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This is my attempt to realise multitasking (well almost) through interrupts. In this example, Task 1 is: Toggle LED connected to PB1 at 2Hz (Timer 1 is used, OCR1 can hold values upto 65535), Task 2 is: Toggle LED connected to PB3 at 61Hz (since Timer2 OCR2 is 8bit). It seems to be working too.

  • Have i understood the concept of multitasking right?
  • How can i allocate time slices for a "Task" or is it not possible in this case?
  • Can i replace the "Task" from toggling LED to ADC measurement or receiving bytes on USART? Or would that be realised differently?

Here is my Program:

#include <avr/io.h>
#include <util/delay.h>
#include <avr/interrupt.h>

#define COMP_REG_VAL 61250

void timer1_init()
{
    DDRB   |= 1<<PB1;        // Set PortB Pin1 as output
    TIFR1  |= 1<<OCF1A;     // Clear Output compare flag
    TIMSK1 |= 1<<OCIE1A;    // Enable Interrupt on Output compare match  
    TCCR1B |= ( (1<<CS12) | (1<<WGM12) );     // Prescaler Fosc/256 ===> 62500
}

void timer2_init()
{
    DDRB   |= 1<<PB3;        // Set Port B pin3 as Output 
    TIFR2  |= 1<<OCF2A;     // Clear Output compare flag
    TIMSK2 |= 1<<OCIE2A;    // Enable Interrupt on Output compare match  
    TCCR2A |= (  (1<<WGM20) | (1<<WGM21) );     //FAST PWM mode
    TCCR2B |= ( (1<<WGM22) | (1<<CS22) |  (1<<CS21) | (1<<CS20) );  //Fast PWM MOde, Prescaler=fosc/1024
}

int main (void)
{
  sei();
  timer1_init();
  timer2_init();
  OCR1A = COMP_REG_VAL/2;
  OCR2A = 255;

  while(1) 
  {

  }
}

ISR(TIMER1_COMPA_vect)
{
   PORTB ^= (1<<PB1);       // Toggle Pin when overflow occurs
}


ISR(TIMER2_COMPA_vect)
{
   PORTB ^= (1<<PB3);       // Toggle Pin when overflow occurs

}
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Have I understood the concept of multitasking right?

there are different flavours of "multitasking", some more sophisticated than others. in a nutshell, it is about time sharing to provide the perception of concurrency.

How can I allocate time slices for a "Task" or is it not possible in this case?

your approach to multitasking is less conventional. typically, it is a scheduler that switches in and out of tasks periodically. so the "time slice" is fixed.

Can I replace the "Task" from toggling LED to ADC measurement or receiving bytes on USART? Or would that be realised differently?

that can be tricky. the key challenge is to interrupt a UART transmission in the middle of it and only to execute the same UART transmission in the ISR. not all microcontrollers are capable of that, and even if they are, it should be approached with caution.

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  • \$\begingroup\$ Is this example not a kind of scheduling in a way, LED1 toggles every 0.5 sec and LED2 every 0.016sec? If scheduler were a Statemachine, it would be just another switch case right? every case thus blocking the MCU. \$\endgroup\$ – Abel Tom Jul 16 '17 at 14:09
  • \$\begingroup\$ it is, as the definition of "multitasking" isn't strict, and yours is certainly within the realm of all "multitasking" universe. I was simply pointing out that a typical scheduler would run a task for a period of time, swap it out and then run the next, regardless of whether the execution has completed. \$\endgroup\$ – dannyf Jul 16 '17 at 14:35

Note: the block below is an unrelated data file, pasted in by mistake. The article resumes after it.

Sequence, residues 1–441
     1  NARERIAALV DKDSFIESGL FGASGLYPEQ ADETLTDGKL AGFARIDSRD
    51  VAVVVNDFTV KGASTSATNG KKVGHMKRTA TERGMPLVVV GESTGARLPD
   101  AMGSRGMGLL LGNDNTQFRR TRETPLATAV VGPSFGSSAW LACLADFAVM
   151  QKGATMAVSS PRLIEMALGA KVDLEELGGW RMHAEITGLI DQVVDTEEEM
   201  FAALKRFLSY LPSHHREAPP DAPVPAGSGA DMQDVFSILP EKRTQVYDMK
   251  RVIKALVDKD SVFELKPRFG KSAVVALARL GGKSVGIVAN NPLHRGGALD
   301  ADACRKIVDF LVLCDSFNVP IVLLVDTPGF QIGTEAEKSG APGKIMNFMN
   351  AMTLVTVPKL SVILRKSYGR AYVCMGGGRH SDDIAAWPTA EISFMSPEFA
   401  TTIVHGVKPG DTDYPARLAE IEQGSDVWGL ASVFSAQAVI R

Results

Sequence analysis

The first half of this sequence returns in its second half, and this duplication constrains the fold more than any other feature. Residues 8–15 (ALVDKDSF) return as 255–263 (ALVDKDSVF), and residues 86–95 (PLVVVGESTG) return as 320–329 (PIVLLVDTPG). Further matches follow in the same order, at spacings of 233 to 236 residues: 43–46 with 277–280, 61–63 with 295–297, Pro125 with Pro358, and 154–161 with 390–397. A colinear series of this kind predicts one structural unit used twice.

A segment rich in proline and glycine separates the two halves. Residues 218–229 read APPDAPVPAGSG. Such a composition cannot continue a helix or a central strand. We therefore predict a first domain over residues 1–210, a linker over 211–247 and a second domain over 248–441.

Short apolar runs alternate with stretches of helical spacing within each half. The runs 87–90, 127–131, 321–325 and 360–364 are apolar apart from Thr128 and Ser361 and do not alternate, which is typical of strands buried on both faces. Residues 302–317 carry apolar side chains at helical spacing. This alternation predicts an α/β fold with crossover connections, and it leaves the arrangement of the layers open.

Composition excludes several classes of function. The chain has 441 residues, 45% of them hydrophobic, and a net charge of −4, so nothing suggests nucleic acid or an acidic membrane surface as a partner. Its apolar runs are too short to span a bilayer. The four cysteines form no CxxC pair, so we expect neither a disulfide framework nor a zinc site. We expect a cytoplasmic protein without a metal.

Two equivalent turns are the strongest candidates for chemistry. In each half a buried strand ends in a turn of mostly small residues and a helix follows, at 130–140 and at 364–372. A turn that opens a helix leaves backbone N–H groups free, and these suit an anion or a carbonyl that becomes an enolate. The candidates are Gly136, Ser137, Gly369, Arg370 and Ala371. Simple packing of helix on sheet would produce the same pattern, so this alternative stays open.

• \$\begingroup\$ Ok i guess what you're trying to say that there are more conventional ways of implementing multi-tasking. :) have to do some reading into "implementing scheduler in C" or something similar. Thanks so much for the feedback. \$\endgroup\$ – Abel Tom Jul 16 '17 at 15:59
  • \$\begingroup\$ you got it. there are quite a few simple "multi-tasking" schemes out there. the simplest would be the protothreads. it is literally a switch / case statement. \$\endgroup\$ – dannyf Jul 16 '17 at 17:23
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You have programmed pre-emptive multitasking without a central task switcher. This means that your individual processes have no control about when they are interrupted. It would be far, far easier to implement cooperative multitasking where each process gives up its time when it is done with some "atomic" bit of work.

Sure, at first glance, doing it pre-emptive seems promising, but you will, sooner or later, run into bad cases of race conditions. For example, if you call some module from your code that can wait for external conditions (i.e., I2C or USB stuff), then you're screwed. Even just printing some debug output to a slow serial connection (taking longer than the timer duration of one of your interrupts) will get you into bad trouble.

A real OS would also use a central task switcher A.K.A. scheduler, but that is not so much of an issue here as you know exactly what processes are running in your µC.

If you want to give the cooperative multitasking a spin, and I very much invite you to because it is a very powerful concept for µCs, take a look at coroutines. They are like loops but "inside out", i.e., they are loops that "give up their time slice" frequently. They solve the problem of pre-emptive-induced race-conditions (i.e., things getting interrupted when they should not), they are quite easy to implement, and just fun to be around.

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